Money in (E)Motion Experienced in Stressful Financial Transitions

  • John V. Boardman


The American Psychological Association (2008) reports a study that indicates one-third of Americans are living under extreme stress and nearly half of them (48%) believe that their stress has increased over the last five years. Stress is taking a toll on people – contributing to health problems, poor relationships, and lost productivity at work, according to a new national survey released by the American Psychological Association (APA). In September 2007, the American Psychological Association commissioned its annual nationwide survey to examine the state of stress across the country. The research measured attitudes and perceptions of stress among the general public, identifying the leading sources of stress, common behaviors used to manage stress, and the impact of stress on our lives. The survey explored appropriate and excessive stress levels; circumstances, situations, and life events that cause stress; activities, resources, and behaviors people use to deal with stress; and the personal costs of stress. This survey was conducted online within the United States by Harris Interactive between August 30 and September 11, 2007, among 1,848 adults (aged 18 and over). Interviews were conducted in both English and Spanish.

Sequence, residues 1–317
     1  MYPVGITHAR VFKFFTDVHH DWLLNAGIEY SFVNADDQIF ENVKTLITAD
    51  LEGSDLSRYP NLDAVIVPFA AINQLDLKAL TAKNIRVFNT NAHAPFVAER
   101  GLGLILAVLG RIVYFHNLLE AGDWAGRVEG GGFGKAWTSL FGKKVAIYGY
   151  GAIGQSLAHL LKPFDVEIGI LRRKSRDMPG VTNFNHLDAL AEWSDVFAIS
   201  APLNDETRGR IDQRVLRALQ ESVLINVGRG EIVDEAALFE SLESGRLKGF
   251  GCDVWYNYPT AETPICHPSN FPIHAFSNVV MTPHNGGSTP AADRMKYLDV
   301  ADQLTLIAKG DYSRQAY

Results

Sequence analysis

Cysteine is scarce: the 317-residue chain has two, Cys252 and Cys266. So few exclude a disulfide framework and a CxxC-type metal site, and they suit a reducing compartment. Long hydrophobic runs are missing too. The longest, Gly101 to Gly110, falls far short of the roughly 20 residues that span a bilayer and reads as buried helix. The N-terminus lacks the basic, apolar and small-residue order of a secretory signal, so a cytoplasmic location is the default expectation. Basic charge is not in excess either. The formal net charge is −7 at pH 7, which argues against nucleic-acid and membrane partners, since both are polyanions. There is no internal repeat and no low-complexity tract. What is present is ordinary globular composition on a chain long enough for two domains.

Based on the results obtained, family finances, money, and work continue to be the leading causes of stress for three quarters of Americans, a dramatic increase over the 59% reporting the same sources of stress in 2006. The survey also found that the housing crisis is having an effect on many, with half of the Americans (51%) citing rent or mortgage costs as sources of stress this decade.


Stock Market American Psychological Association Stressful Transition Financial Transition Financial Planning 
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Copyright information

© Springer Science+Business Media, LLC 2010

Authors and Affiliations

  • John V. Boardman
    • 1

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